British Prime Minister Theresa May on Wednesday had a tough time getting through one of her most anticipated policy speeches after a prankster created chaos by interrupting her to hand her a piece of paper.
The Conservative party leader was addressing the annual party conference in Manchester, during which she apologised to the membership for the general election debacle in June which lost the Tories their overall majority in Parliament.
However, she was forced to pause as comedian Simon Brodkin handed her what he claimed was a 'P45' from Boris Johnson, the embattled foreign secretary who is widely known to harbour party leadership ambitions.
A P45 in the UK refers to the official tax form issued when an employee leaves a job or is sacked. Brodkin’s intervention was described as a 'massive' security breach at the event, with local police now investigating how he was allowed to get that close to the prime minister.
Greater Manchester Police confirmed that the prankster, now in custody, had managed to acquire official accreditation to the event.
"In light of the arrest during the prime minister’s speech we are working with the police to review the accreditation process and security arrangement for the Party Conference," a Conservative party spokesperson said.
A close-up photo of the fake P45 showed it listed the 'reason for termination' as 'neither strong nor stable'.
"Boris told me to do it. He's left me in the lurch," the comic who posed as a media photographer told reporters in the midst of the chaos.
He was quickly escorted from the hall by security to shouts of 'out, out, out' from the audience and May was given a standing ovation for deflecting attention by saying she wanted to hand over a similar termination form to Opposition Labour party leader Jeremy Corbyn.
Brodkin, best known for his comedy character Lee Nelson, rose to fame after gate-crashing a FIFA football press conference and throwing dollar bills at the outgoing president Sepp Blatter, accused of corruption.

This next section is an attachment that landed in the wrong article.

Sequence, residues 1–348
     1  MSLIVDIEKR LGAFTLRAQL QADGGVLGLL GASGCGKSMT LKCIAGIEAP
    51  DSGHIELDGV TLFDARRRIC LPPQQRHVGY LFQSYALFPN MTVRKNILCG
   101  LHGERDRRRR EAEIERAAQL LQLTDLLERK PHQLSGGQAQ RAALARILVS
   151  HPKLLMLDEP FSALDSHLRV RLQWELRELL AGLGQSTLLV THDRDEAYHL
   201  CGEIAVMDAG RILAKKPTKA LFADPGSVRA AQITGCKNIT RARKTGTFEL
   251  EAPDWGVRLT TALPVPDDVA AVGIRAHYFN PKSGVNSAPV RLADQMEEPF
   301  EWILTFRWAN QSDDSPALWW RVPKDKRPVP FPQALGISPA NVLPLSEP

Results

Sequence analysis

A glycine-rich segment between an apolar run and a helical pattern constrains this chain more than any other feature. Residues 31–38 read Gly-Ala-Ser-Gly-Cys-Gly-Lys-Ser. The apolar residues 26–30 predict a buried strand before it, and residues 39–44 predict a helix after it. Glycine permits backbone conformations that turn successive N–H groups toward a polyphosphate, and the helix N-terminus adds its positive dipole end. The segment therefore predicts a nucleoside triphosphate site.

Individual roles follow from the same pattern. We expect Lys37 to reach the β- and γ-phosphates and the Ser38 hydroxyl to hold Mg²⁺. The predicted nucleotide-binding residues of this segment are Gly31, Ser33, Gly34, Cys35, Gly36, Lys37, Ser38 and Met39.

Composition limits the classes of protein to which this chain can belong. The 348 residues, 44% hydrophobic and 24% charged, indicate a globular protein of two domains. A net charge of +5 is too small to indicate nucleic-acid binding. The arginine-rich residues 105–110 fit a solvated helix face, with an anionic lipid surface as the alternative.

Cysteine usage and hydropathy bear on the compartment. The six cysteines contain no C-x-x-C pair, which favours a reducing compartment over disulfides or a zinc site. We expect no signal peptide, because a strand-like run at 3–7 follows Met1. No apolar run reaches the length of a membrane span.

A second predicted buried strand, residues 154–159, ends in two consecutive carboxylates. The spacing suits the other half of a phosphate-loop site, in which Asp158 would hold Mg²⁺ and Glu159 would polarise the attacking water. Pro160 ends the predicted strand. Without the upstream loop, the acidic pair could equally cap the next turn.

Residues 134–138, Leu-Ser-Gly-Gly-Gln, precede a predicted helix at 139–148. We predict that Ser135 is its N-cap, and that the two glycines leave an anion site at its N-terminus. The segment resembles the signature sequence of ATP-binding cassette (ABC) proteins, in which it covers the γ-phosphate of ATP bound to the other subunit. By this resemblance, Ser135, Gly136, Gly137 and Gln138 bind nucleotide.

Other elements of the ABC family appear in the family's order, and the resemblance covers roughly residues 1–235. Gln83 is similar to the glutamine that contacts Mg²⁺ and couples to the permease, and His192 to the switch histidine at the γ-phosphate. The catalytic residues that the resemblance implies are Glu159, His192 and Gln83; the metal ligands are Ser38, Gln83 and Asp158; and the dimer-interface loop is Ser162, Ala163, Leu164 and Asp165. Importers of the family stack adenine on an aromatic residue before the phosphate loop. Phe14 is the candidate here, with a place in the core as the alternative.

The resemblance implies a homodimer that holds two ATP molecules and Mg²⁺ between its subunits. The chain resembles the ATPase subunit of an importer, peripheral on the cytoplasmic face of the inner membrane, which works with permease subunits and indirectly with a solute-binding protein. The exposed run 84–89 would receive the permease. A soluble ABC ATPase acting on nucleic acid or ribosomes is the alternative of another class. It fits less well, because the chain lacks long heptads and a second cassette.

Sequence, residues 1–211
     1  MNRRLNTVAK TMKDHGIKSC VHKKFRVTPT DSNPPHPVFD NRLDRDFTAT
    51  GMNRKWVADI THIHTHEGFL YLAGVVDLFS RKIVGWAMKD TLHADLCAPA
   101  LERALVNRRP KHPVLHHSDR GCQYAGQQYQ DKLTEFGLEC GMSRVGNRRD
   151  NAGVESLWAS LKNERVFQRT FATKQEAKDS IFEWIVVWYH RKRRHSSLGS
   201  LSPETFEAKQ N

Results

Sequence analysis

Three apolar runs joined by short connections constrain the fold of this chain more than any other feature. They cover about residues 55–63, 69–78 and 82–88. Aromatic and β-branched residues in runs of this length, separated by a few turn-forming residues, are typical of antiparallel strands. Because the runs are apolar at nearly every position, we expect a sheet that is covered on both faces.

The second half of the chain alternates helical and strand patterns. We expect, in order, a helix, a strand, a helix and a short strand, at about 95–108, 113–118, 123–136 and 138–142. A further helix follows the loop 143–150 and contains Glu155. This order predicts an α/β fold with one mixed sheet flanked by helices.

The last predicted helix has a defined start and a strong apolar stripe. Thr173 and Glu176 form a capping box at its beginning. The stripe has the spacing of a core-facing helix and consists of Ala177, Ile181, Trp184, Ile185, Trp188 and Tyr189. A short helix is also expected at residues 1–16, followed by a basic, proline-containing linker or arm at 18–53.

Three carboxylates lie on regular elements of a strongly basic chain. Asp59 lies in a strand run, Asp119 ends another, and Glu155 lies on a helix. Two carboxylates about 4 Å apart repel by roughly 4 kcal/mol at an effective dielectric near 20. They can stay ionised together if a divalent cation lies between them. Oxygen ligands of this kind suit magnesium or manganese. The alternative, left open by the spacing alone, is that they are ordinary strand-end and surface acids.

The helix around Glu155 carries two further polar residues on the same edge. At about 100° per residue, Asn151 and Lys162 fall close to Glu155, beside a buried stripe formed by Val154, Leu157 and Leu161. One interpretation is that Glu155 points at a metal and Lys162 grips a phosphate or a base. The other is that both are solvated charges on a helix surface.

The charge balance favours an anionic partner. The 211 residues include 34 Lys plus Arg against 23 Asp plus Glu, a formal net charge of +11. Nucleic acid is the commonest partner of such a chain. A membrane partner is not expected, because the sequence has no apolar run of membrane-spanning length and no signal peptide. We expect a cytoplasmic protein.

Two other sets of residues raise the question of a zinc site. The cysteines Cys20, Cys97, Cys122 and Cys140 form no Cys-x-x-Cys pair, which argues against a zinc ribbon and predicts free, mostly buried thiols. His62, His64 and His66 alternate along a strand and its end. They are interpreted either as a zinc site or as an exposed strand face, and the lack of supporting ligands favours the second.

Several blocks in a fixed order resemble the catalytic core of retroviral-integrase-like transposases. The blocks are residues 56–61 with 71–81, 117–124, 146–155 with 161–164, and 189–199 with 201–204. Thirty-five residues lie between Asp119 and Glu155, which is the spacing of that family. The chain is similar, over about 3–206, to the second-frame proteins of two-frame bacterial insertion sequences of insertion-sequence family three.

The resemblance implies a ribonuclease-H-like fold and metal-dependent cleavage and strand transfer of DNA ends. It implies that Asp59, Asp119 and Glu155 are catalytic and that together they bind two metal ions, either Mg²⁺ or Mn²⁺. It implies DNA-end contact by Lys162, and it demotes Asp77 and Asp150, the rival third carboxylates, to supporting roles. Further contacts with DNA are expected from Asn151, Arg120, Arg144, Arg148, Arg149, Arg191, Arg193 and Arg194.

He was arrested by Swiss authorities for trespassing at the event in July 2015 but later released.
But his interruption was not the end of Theresa May's woes, as she was then hit by a severe coughing bout which meant she was unable to complete her sentences without having to pause for regular sips of water.
She was even handed a cough drop by Cabinet colleague, United Kingdom Chancellor Philip Hammond, which she accepted and joked with the audience about getting something free from the country's finance minister.
But overall her party members welcomed May’s stance in offering an apology for the failed general election campaign, which she said had been flawed because it was 'too scripted, too presidential'.
She also vowed to fix the fact that the British dream that 'life should be better for the next generation' was out of reach for too many people, by making pledges on a new wave of social housing and capping rising energy costs.
On Brexit, May said she was 'confident that we will find a deal that works for Britain and Europe'.
She also reassured European citizens living in the UK that 'you are welcome here' and urged negotiators to reach agreement on this policy 'because we want you to stay'.
The speech had been billed as her most personal one yet in an attempt to soften her public image, something she tackled head on by dismissing her characterisation as 'unemotional' and an 'ice maiden' and making a compassionate case for her leadership style.
May said it had 'always been a great sadness for Philip and me that we were never blessed with children', but she said this did not stop her wanting to help young people on to the housing ladder.
To add to May's troubles, the letters from the conference stage backdrop began to fall off one by one and read a garbled version of 'building a country that works for everyone' by the end of her speech.
IMAGE: A member of the audience hands a P45 form (termination of employment tax form) to Prime Minister Theresa May as she addresses the Conservative Party conference in Manchester. Photograph: Phil Noble/Reuters